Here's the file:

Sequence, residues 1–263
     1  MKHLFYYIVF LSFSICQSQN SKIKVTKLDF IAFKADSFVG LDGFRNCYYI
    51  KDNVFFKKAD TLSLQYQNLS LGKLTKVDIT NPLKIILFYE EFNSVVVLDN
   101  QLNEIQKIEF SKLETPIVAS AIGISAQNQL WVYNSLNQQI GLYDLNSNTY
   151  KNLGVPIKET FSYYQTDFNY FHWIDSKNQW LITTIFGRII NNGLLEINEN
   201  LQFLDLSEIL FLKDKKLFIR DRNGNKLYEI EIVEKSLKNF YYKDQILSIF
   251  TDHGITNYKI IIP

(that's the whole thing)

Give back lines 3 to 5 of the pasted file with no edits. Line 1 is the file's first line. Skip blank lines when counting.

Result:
    51  KDNVFFKKAD TLSLQYQNLS LGKLTKVDIT NPLKIILFYE EFNSVVVLDN
   101  QLNEIQKIEF SKLETPIVAS AIGISAQNQL WVYNSLNQQI GLYDLNSNTY
   151  KNLGVPIKET FSYYQTDFNY FHWIDSKNQW LITTIFGRII NNGLLEINEN